Study Finds That PReP Acceptance Depends on Cost Instead of Effectiveness
By Candace Y.A. Montague
June 8, 2011
A study out of UCLA and Lima, Peru show that people are more willing to use Truvada, the anti-retroviral drug for HIV, if they can pay less money for it regardless of its effectiveness. The International Study of STD and AIDS published the results of the study last week. Using consumer marketing techniques, the study found that female sex workers, male-to-female transgender persons and men who have sex with men would be willing to take the pill if the cost to purchase it was low. The participants also said that they would be willing to take the pill if it were 100 percent effective and only required to be taken right before sex. The results from the scientific research published earlier this year showed that in order for the pill to be effective, participants would have to take it daily regardless of sexual activity and it only cuts the risk of infection by 44%.
These expectations are not surprising to this Examiner who wondered about the cost of this treatment in an earlier report. Health educators want to have effective treatment that would in fact prevent HIV transmission. But out-of-pocket cost has a direct effect on accessibility. If a person wants to protect themselves from contracting the virus, chances are they will not spend more than what they do on a three pack of condoms to get that protection. It's just not feasible. Other factors weighed in on the participants willingness to use PReP including where they would be willing to go to pick up the pill, side effects, and the duration of use. Health care must be made more affordable and more opportune on all levels if we expect to stop the virus.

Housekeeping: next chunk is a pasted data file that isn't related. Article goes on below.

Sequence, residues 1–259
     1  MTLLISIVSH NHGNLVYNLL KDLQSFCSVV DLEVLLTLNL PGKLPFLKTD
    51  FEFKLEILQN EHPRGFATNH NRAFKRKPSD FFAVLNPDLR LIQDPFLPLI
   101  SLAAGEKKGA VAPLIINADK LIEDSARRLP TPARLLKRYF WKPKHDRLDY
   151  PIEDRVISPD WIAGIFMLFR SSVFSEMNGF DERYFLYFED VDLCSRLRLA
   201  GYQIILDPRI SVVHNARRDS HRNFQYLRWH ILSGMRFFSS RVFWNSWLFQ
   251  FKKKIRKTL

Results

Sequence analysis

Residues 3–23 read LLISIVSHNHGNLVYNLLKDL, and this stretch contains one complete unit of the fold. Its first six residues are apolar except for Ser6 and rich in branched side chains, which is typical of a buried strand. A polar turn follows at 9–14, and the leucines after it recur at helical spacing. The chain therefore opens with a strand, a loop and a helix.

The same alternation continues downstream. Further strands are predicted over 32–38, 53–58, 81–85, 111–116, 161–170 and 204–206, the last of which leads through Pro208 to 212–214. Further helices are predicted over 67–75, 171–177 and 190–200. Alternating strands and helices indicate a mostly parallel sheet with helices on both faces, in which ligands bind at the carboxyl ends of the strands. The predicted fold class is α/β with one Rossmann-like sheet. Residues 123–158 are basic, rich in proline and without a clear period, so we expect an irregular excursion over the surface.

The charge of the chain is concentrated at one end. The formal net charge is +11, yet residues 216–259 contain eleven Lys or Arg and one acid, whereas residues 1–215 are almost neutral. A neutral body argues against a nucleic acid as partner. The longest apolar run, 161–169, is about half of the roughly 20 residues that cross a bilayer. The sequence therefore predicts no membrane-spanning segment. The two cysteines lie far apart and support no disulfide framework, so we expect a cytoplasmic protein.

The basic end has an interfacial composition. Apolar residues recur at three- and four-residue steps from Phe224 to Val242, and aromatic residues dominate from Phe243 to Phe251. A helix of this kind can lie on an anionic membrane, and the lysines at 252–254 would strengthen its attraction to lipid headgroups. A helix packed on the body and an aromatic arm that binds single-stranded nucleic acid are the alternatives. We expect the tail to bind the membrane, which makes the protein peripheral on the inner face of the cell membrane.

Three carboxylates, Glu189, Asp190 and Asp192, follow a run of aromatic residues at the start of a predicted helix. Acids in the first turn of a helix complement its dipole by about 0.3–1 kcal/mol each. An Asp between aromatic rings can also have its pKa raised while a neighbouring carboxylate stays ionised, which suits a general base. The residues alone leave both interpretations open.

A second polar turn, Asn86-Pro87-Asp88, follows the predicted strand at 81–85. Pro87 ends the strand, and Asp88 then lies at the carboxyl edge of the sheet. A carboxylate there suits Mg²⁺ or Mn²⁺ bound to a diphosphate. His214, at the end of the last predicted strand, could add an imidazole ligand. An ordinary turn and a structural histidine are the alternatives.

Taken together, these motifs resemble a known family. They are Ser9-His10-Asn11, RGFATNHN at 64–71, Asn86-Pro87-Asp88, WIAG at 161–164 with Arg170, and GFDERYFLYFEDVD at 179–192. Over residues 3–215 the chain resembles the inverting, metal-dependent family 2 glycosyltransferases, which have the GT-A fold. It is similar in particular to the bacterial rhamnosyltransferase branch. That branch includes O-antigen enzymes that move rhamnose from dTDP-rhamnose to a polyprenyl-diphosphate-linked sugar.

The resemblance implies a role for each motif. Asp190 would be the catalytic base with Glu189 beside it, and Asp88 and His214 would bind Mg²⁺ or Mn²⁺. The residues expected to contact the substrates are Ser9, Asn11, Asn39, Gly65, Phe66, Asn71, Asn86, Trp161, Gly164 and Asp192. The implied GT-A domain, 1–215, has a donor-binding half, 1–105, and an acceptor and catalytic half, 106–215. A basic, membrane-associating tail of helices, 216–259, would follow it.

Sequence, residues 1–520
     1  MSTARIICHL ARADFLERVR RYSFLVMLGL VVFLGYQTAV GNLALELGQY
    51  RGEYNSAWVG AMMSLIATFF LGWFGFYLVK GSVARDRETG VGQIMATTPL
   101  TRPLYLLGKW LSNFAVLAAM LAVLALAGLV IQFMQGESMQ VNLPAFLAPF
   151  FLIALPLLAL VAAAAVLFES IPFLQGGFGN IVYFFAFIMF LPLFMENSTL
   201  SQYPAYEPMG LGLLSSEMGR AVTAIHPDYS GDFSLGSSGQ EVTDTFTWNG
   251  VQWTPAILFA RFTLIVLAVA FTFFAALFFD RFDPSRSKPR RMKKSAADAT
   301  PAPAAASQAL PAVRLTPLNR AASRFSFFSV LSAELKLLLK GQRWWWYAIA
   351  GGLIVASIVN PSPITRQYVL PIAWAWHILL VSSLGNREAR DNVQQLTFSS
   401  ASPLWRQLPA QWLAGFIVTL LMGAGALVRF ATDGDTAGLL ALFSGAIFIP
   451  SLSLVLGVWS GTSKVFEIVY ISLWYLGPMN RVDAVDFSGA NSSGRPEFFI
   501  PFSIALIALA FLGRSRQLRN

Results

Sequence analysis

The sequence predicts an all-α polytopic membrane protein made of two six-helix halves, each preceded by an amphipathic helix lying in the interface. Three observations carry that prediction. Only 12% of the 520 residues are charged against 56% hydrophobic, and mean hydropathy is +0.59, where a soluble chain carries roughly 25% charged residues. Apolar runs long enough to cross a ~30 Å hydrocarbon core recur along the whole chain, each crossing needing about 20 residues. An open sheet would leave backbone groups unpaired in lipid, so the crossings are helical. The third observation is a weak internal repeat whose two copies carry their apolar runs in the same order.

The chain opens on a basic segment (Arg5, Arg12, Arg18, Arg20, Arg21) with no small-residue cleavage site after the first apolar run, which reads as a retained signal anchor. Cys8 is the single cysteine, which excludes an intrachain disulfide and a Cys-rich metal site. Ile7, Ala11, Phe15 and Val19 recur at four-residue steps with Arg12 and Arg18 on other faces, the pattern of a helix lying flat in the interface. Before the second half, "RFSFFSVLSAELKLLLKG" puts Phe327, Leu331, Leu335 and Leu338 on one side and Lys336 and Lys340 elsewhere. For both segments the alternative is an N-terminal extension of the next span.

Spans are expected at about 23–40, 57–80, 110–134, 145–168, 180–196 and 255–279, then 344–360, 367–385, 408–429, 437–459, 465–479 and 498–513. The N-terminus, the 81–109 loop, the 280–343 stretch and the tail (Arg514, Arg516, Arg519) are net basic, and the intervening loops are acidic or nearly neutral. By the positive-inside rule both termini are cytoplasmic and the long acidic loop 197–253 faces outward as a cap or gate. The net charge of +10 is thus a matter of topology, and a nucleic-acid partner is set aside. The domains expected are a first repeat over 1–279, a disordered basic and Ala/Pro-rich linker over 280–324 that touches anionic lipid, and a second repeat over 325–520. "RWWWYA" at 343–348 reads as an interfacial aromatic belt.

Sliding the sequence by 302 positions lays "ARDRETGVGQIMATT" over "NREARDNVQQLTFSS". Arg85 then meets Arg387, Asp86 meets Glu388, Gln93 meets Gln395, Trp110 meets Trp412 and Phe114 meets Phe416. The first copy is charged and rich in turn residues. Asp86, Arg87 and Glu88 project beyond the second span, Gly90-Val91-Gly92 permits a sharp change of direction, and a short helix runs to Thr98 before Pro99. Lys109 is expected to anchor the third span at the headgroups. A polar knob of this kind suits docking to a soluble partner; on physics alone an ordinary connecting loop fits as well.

For more information about the study click here.
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D.C. HIV/AIDS Examiner
Candace Y.A. Montague
Candace Y.A. Montague has been learning about HIV since 1988 (and she has the certificates from the American Red Cross to prove it). Health is a high priority to Candace because she believes that nothing can come of your life if you're not healthy enough to enjoy it. One of her two master's degrees is in Community Health Promotion and Education. Candace was inspired to act against HIV after seeing a documentary in 2008 about African-American women and HIV. She knew that writing was the best way for her to make a difference and help inform others. Candace is a native Washingtonian and covers HIV news all around D.C. She has covered fundraisers, motorcycle rides, town hall meetings, house balls, Capitol Hill press conferences, election campaigns and protests for The DC Examiner.com and emPower News Magazine.
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